Learn more: Science Matters
27. Conjugate foreign language verbs
Conjugating verbs (especially irregular ones) is one of those things that you just have to practice to learn. Match up subjects with their proper verbs for a fun way to get that practice!
Learn more: Spanish for You
28. Pack snacks in plastic eggs
How fun is this? Fill each egg with small snack items, and hide them around the room. Kids find them all and then have a tasty lunch!
Learn more: Gluesticks
29. Clean up with Easter egg bath bombs
Easter egg activities like this one are science and craft rolled up into one! Bath bombs work due to the chemical reaction of acids and bases. Make your own with the recipe at the link.
Learn more: Mom Foodie
30. Strengthen fine motor skills
Have younger students practice sorting and colors while also strengthening their fine motor skills. All you need are plastic eggs, pom-poms in matching colors, and a giant set of tweezers.
31. Spread eggs of kindness
While kids learn a lot of important lessons in school, lessons on kindness might just be the most important. Have students write messages of encouragement, love, or kindness and put them inside plastic eggs, then leave them around the school’s grounds for others to find.
Learn more: Coffee Cups and Crayons
32. Shake it up and make some noise
Fill plastic eggs with different materials like colored sand, Poly-Pellets, and rice. Use them for a music lesson on rhythm and explore the different sounds each type makes.
Learn more: Mama Smiles
33. Float away with plastic egg hot-air balloons
This is one of those plastic Easter egg activities that is so impressive, people won’t believe that kids made them! Learn how it’s done at the link.
Learn more: Snowdrop and Company
34. Get moving with brain boost eggs
Fill plastic eggs with ideas for movement, like “Hop on one foot 12 times, then switch.” Use them when you need a brain break during the day. Have one student pick an egg and read the activity out loud, then everyone joins in on the fun!
Learn more: Eats Amazing
35. Learn to recognize different emotions
Social-emotional learning is such an important part of school. Create different expressions on the tops and bottoms of plastic eggs and then let your students create their own emotion egg.
Learn more: A Little Pinch of Perfect
36. Build STEM egg towers
It’s a simple concept, but it can be quite a challenge. Who can build the tallest egg tower? Try timing this one, and hold several rounds so students can keep perfecting their designs.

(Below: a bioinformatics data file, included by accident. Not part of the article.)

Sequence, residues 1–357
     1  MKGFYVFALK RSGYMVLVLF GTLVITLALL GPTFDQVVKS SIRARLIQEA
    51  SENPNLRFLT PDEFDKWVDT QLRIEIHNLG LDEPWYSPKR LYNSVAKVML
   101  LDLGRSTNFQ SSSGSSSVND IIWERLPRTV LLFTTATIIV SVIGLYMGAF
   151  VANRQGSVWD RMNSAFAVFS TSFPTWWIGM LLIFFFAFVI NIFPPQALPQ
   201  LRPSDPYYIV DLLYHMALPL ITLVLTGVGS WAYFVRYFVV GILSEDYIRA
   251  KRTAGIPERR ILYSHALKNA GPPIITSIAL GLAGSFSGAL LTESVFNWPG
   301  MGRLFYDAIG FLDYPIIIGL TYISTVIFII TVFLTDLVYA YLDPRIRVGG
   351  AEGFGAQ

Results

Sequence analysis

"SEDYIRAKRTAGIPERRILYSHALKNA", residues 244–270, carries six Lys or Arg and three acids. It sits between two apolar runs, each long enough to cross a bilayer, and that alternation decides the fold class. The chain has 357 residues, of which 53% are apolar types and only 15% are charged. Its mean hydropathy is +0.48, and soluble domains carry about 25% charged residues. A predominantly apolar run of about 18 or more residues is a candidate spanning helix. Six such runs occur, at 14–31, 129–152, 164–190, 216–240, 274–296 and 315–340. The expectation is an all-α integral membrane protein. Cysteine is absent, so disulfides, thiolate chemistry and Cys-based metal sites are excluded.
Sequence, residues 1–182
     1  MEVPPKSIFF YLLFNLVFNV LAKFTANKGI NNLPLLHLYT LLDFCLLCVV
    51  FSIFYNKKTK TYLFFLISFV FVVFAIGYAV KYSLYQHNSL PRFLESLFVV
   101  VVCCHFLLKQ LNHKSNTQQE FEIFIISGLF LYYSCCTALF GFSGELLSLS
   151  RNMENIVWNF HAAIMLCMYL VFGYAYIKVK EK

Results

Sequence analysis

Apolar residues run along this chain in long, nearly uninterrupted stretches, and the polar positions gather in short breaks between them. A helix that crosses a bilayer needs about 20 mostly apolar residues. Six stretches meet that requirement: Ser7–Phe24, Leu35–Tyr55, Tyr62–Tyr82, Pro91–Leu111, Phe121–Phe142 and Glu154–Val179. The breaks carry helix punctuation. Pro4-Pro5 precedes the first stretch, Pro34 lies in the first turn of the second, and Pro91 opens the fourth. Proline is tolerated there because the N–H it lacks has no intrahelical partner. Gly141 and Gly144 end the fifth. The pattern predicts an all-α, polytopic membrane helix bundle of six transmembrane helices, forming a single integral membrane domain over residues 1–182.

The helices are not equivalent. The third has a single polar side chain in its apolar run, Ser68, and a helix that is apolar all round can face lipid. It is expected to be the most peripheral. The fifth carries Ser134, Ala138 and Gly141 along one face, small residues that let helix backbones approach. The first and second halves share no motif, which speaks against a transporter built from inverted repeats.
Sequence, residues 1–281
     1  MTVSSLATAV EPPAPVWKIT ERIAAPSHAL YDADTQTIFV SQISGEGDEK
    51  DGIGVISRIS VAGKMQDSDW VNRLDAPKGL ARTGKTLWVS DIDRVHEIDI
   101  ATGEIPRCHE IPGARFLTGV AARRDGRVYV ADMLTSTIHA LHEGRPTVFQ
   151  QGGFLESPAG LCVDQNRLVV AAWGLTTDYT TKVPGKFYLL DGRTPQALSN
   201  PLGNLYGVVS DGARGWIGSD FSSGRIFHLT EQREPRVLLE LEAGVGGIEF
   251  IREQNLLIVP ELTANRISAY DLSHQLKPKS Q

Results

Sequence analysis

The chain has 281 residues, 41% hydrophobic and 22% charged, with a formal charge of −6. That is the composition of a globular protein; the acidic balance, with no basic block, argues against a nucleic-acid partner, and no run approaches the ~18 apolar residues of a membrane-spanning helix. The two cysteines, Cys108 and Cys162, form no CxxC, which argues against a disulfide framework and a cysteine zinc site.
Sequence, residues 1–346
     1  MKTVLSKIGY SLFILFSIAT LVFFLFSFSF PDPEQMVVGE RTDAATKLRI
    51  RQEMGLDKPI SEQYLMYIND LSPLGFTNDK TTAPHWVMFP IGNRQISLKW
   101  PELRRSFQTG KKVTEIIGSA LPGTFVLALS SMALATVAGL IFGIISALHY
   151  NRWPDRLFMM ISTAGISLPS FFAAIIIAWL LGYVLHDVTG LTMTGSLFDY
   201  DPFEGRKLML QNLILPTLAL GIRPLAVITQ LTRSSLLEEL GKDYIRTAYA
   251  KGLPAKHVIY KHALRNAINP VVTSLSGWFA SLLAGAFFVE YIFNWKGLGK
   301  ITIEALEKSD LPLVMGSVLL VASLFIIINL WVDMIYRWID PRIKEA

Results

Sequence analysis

Learn more: The Resourceful Mama
37. Paint a plastic egg masterpiece
Circle art is one of our favorite plastic Easter egg activities because there’s so much you can do with it! Little ones will simply enjoy stamping circles, but older kids can play around with patterning, use circles to create figures, and more.
Learn more: Buggy and Buddy
38. Plant a mini garden
How pretty will a row of these colorful plastic egg planters look on the windowsill? Use them to start seeds for transplanting, or grow microgreens that will be ready to eat in just a few weeks.
Learn more: Made With Happy
39. Spin eggs to set a record
Weight the bottom of each egg with a bit of Play-Doh, then take them for a spin! Kids will love getting some practice using a timer and seeing who can make their egg spin last the longest.
Learn more: The Educator’s Spin On It/Spinning Eggs
40. Build a better egg launcher
You won’t believe how many ways there are to launch a plastic egg across the room! Visit the link for a whole collection of DIY Easter egg activities that will get those plastic eggs airborne.
Learn more: Little Bins for Little Hands/Egg Launcher
41. Use your listening skills
Fill plastic eggs with a variety of objects, then have kids shake them and try to guess what’s inside. This is a simple activity that will really put their observation skills to the test.
Learn more: A Grace-Filled Classroom
42. Engineer a plastic egg and Play-Doh structure
Plastic eggs and Play-Doh are the only materials you need for this unique STEM challenge. Give them a goal (tallest, longest, able to hold the most weight) and be amazed by what they create.
Learn more: The Educators’ Spin on It/Egg Stacks
43. Pot some plastic egg succulents
How sweet are these plastic egg “cactus” pots? Expand the experience by learning more about succulents as you work.
Learn more: Julie Measures
44. Turn plastic eggs into magnets
Use modeling clay to add magnets to the inside end of each egg. Kids can stick them together in patterns, build structures, and more.
Learn more: Frugal Fun for Boys and Girls
45. Balance wobbly eggs on a spoon
Here’s a great idea for working on dexterity, balance … and patience. Can your kids balance a “wobbly egg” on a wooden spoon and carry it across the room?
Learn more: And Next Comes L
46. Sort and match shapes
Draw a shape across both sides of the egg. Then break them apart for little ones to match up.
Learn more: School Time Snippets
47. Run plastic egg races
Play around with inclined planes and run a series of egg races. Try eggs of different sizes and see what happens when you change the angle of the ramp.
Learn more: Little Bins for Little Hands/Plastic Egg Races
48. Paint gorgeous galaxy eggs
These beautiful creations are two Easter egg activities in one. Before you make them, learn more about galaxies and the astronomical objects found in them. Then, make your own using dyable plastic eggs and do a little stargazing.
Learn more: Dream a Little Bigger
49. Review with an egg hunt
What a terrific way to review for an upcoming test! Get a free printable answer sheet to use with this activity at the link.
Learn more: Teaching With Jennifer Findlay
50. Come down to Earth with egg parachutes
Give your students the supplies they need (egg halves, coffee filters, plastic straws, wood craft sticks, and masking tape) and challenge them to create a working parachute. This is an inexpensive STEM challenge they’ll love.
Learn more: JDaniel4’s Mom
51. Build a Humpty Dumpty sensory bin
Read the familiar story to your students. Then let them play with a sensory bin filled with eggs and felt characters and numbers.
Learn more: My Storytime Corner
52. Experiment with light
Purchase some of these finger lights in bulk and let students experiment with putting different-colored lights inside different-colored eggs. This would make for a really cool glow-in-the-dark egg hunt too!
Learn more: Early Learning Ideas